In his letter to the Romans, Paul also referred to grace, “Therefore, the promise comes by faith, so that it may be by grace and may be guaranteed to all Abraham’s offspring—not only to those who are of the law but also to those who have the faith of Abraham.” Paul is explaining that Abraham pleased God first and foremost through faith. He did not know about the Law that would come later. God reached out to him in grace, and Abraham responded. The same is true for us. God reaches out in prevenient grace to all. This was the promise to Abraham that stretched out through the ages, and today the same promise draws us toward God. Prevenient grace is constantly at work, and we respond in faith. It is grace that draws us into the life of holy fellowship with God.
When we begin to understand the place of grace, we may find the love of God overwhelming. God, in infinite love, has reached out to save all of creation. This is a revelation of the very nature of the relationship that we find in the Triune God. Emanating from this relationship is holy love, which results in a grace that grips us even when we are living in sin. The depth of our sins is inconsequential to grace, for the Father never gives up on those whom He loves. Grace continues to flow, day in and day out.
Far too often, we are hard on ourselves, unwilling to accept the love that God is pouring out on us. God’s grace is lavished on all, for God does not want any to be lost. We read about it over and over again. In Luke chapter 15, we find prevenient grace overflowing in Jesus’ parables of the lost sheep, the lost coin, and the lost son. The shepherd, acting with prevenient grace, leaves the 99 and goes in search of the one lamb that is missing. The lost sheep is of great value to the shepherd. In the story of the lost coin, we find the woman sweeping her house, searching every nook and cranny for her coin. She represents our heavenly Father, doing all that He can to find His lost ones. The house will be swept and every corner searched until the coin is retrieved. This is grace, lavished on those who do not deserve it. And grace is seen in the father who stands on the side of the road, day after day, waiting for his prodigal to come home. He is waiting, always with open arms and filled with abundant love.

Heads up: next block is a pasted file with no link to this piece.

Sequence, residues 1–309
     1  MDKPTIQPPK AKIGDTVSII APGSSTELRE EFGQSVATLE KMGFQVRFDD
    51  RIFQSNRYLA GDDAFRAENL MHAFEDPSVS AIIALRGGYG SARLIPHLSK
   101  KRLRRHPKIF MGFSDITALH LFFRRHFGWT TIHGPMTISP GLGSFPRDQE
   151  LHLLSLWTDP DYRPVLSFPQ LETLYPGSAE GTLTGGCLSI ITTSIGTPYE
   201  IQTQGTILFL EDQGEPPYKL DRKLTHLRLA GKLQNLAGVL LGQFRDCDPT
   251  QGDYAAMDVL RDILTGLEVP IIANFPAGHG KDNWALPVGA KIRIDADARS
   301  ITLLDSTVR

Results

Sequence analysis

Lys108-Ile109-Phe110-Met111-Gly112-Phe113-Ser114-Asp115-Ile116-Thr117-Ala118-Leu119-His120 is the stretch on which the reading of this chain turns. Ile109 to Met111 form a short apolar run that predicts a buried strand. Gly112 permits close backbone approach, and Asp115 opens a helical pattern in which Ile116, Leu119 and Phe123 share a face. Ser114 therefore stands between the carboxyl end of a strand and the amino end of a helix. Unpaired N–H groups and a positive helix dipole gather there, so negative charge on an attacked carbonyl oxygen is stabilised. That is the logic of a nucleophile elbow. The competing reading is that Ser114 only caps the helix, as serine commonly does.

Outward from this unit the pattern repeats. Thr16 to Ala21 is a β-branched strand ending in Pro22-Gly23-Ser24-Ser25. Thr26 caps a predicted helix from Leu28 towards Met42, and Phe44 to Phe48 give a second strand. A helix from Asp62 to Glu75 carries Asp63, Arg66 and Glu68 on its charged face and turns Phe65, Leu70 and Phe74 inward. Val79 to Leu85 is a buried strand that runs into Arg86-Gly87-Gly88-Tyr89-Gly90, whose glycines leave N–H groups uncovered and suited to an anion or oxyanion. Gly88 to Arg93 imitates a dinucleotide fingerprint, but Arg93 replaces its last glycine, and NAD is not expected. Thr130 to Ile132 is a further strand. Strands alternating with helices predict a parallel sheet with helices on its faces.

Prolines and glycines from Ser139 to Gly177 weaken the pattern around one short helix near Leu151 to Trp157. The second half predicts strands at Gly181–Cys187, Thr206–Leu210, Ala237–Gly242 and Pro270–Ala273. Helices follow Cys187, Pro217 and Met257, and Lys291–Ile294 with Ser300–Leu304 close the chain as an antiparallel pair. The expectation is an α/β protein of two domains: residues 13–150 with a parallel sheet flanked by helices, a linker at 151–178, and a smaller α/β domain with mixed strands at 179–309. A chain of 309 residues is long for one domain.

Grace was something not always spoken of when I was growing up in the church. The focus often seemed to be on punishment for doing things wrong, and I lived in fear of losing my salvation. As I have grown, I have begun to understand grace as something much greater than all my fears. Grace, which has its grip on me. Grace, which means that God is always reaching out to me, continually drawing me near. Grace that reaches out a hand and picks me up when I fall. Grace, which bandages my wounds. Grace, which whispers “I love you” when you feel you are most vulnerable or the ugliest of sinners.